The Atlantic

Hong Kong Is a Colony Once More

With a far-reaching national-security law, overlords in a distant capital are again making decisions on the city’s behalf.
Source: Anthony Wallace / AFP / Getty

Carrie Lam, Hong Kong’s chief executive, stood in front of reporters yesterday for the most consequential press conference of her time leading the city. Prior to Lam stepping behind the podium, news had begun to stream in that officials in Beijing had passed a national-security law to be imposed on Hong Kong, the most significant altering of the ostensibly autonomous territory’s status since it was handed back to China from Britain in 1997.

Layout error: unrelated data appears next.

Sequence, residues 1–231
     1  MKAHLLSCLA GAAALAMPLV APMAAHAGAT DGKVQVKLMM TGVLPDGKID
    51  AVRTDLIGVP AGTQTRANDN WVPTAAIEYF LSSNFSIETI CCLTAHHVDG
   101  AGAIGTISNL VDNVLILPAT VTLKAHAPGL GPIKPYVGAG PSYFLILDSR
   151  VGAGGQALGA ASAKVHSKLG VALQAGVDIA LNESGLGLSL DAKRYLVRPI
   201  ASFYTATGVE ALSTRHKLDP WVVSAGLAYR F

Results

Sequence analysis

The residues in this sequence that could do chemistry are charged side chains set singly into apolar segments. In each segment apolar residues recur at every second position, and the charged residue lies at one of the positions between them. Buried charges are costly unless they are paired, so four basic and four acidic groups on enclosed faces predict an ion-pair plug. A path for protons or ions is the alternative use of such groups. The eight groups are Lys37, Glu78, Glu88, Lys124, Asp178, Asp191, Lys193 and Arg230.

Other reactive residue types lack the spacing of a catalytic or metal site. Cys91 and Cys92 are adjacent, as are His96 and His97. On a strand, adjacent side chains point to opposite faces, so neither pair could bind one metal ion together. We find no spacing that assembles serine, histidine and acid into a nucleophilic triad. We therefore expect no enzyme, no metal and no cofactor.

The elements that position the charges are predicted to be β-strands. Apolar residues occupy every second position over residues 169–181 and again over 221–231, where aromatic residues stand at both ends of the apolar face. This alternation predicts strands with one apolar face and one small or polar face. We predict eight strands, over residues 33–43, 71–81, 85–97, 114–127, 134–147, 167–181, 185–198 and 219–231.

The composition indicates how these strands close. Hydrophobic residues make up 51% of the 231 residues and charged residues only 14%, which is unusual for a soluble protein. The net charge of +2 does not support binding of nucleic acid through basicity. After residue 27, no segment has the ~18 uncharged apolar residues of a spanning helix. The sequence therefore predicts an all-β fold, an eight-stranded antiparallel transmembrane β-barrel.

The law, a direct result of Lam’s introduction and mismanagement of a proposed extradition bill last year, which had led to mass demonstrations, was shrouded in secrecy. A draft had not been made public. Even pro-Beijing lawmakers and Lam herself had been kept in the dark about its full contents. She opened her remarks by saying that she wouldn’t be addressing the law, then moved on to speaking about an employment scheme and the city’s handling of COVID-19. When reporters pressed

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